- Woman sleeping in car accused of attacking Cape officer (7/26/16)13
- Mother charged after toddler falls out of moving car (7/29/16)3
- Seeking new history: Centurion Development buys former Woolworth building at 1 N. Main St. (7/28/16)5
- Police: Child's video revealed stepfather's abuse of sibling (7/28/16)3
- Cape resident gets seven years in prison for shooting at man (7/26/16)1
- Governor signs Rep. Swan bill that equalizes child-custody criteria (7/6/16)5
- Former Scott City mayor refutes claims made about loss of curbside recycling pickup (7/26/16)
- Burglary of trailer leaves its residents homeless (7/27/16)4
- Cape to get small-market ride-sharing service carGO (7/29/16)10
- Foot plots provide habitats and nutrition to attract wildlife, grow populations (7/18/16)
Experts - SARS not losing punch
Disease experts said Thursday the SARS virus appears to be just as hardy in its 15th victim as its first one, suggesting its ability to spread isn't weakening.
The virus' robust nature indicates it is well-adapted to reproducing inside the human body, health experts said.
There had been hope that, like some viruses, this one might lose its punch over time, mutating and weakening. However, Dr. David Heymann, the WHO's chief of communicable diseases, said that does not appear to have happened and that scientists estimate the SARS virus has passed through chains of up to 15 people.
Heymann said he was not speaking of the virulence of the disease -- only its ability to continue infecting people over time.
He gave an example of how some viruses weaken, citing the human monkeypox virus, similar to smallpox, but less deadly, and sometimes seen in Africa. Monkeypox "comes out of an animal into humans. It causes disease and it transmits maybe to one or two generations, but by the time it has gone through that, it never transmits further," Heymann said.
SARS, however, does not appear to be weakening. WHO experts are still trying to determine the maximum number of people who have become infected in a single chain. Fifteen is as far as they got.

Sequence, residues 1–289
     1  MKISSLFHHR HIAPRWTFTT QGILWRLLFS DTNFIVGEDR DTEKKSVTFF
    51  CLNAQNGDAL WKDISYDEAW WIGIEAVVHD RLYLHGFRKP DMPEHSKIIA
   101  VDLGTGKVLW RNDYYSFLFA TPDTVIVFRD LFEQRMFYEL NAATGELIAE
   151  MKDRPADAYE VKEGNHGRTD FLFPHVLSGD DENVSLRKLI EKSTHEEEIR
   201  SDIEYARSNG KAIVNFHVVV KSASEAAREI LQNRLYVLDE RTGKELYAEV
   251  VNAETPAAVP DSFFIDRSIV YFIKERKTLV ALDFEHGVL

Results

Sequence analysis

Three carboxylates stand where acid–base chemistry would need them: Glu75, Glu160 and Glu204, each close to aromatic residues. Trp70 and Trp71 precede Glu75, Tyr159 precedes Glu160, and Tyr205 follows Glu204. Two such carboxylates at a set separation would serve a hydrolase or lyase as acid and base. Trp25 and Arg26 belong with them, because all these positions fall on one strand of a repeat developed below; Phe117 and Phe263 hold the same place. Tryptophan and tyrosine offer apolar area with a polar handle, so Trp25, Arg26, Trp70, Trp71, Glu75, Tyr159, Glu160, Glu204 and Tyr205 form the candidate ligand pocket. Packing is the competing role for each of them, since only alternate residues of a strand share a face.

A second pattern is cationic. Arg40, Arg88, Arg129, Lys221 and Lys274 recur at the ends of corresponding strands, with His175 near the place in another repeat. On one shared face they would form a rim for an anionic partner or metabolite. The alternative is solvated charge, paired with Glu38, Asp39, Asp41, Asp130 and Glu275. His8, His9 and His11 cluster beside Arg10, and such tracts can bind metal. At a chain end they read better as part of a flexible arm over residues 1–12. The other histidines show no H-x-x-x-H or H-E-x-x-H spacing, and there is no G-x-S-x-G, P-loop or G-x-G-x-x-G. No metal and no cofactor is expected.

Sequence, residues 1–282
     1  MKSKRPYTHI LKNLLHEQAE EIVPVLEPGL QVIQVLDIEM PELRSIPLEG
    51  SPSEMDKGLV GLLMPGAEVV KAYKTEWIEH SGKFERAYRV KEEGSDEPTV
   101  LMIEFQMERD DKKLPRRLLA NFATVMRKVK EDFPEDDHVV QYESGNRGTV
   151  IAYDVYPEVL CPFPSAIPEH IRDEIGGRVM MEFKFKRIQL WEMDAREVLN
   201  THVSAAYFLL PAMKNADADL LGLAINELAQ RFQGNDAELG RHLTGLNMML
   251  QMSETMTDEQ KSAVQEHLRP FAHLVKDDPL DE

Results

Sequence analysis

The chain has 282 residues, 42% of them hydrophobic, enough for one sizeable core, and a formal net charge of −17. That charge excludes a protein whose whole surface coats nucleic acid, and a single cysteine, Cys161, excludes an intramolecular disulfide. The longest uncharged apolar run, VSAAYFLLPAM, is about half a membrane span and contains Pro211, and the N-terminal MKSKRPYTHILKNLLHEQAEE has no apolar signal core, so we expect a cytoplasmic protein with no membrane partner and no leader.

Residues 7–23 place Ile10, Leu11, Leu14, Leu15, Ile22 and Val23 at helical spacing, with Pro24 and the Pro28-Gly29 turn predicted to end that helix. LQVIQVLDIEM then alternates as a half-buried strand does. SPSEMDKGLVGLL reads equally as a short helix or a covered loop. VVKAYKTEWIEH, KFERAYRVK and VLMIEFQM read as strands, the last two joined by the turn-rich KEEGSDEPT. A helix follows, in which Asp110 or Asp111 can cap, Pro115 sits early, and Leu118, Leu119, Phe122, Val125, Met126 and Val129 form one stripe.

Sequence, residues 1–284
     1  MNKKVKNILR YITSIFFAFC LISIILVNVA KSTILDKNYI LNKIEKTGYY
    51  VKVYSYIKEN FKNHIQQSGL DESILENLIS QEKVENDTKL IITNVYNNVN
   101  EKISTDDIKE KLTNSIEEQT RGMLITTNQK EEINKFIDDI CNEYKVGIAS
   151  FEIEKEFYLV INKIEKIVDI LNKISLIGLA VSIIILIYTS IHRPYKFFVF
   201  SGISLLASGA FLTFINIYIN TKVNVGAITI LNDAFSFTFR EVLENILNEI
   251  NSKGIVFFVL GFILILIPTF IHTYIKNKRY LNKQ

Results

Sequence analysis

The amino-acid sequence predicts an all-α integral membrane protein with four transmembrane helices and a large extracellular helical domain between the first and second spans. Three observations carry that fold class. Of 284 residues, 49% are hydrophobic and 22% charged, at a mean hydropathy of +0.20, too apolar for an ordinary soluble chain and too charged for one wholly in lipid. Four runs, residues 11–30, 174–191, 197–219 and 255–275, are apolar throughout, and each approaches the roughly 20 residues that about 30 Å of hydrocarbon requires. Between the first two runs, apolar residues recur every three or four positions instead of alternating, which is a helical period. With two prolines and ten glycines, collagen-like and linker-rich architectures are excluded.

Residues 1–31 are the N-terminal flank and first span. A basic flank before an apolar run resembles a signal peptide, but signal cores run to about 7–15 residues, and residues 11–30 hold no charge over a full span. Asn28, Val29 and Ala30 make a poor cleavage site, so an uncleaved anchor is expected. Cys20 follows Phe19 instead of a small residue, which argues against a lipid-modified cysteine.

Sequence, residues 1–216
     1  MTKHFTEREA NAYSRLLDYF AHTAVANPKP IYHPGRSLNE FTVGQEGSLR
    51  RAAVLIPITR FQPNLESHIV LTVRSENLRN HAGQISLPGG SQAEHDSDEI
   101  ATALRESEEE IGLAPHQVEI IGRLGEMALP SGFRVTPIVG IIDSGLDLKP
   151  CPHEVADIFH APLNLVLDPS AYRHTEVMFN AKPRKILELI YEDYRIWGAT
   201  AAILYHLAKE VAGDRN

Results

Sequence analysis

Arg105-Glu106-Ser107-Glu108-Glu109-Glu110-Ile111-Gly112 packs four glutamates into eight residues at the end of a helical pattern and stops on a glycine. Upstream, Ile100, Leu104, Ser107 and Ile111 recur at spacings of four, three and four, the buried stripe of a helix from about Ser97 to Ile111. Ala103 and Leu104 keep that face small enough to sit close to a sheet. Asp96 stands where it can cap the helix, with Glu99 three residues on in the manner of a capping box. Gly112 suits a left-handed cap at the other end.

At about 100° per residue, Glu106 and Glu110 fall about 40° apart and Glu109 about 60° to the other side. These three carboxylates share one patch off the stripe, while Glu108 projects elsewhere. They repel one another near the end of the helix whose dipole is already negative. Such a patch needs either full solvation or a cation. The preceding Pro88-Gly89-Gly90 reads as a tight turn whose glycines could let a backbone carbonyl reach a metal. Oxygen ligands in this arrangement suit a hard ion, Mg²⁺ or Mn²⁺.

Using an incubation period of about 10 days, scientists calculated about three infections from one SARS case in a month. Tracing cases over five months' time, "that's how we come up with the 15," Heymann said. "The hypothesis still remains that this all came from one person, so it has passed through many, many people on it's way out through the world."
"We think it's a virus that will continue to transmit in humans unless we interrupt its transmission by isolation and containment," Heymann said.
SARS is believed to have first surfaced in November in the southern Chinese province of Guangdong. Scientists have traced some infections today back to one original case in the province, but more definitive studies are being done on its spread.
More than 8,000 people have been infected worldwide, with a death toll of 684. In recent weeks, the island of Taiwan has been hardest-hit, with 20,000 people in quarantine and experts talking about the need for more space.
U.S. Centers for Disease Control and Prevention officials said Thursday that doctors' difficulty in diagnosing SARS cases may have led to hospital outbreaks in both Taiwan and Singapore.
In Taiwan's capital of Taipei, a CDC expert with SARS symptoms was being whisked back to the United States, officials said.
The CDC would not identify the epidemiologist but said he would enter an Atlanta hospital.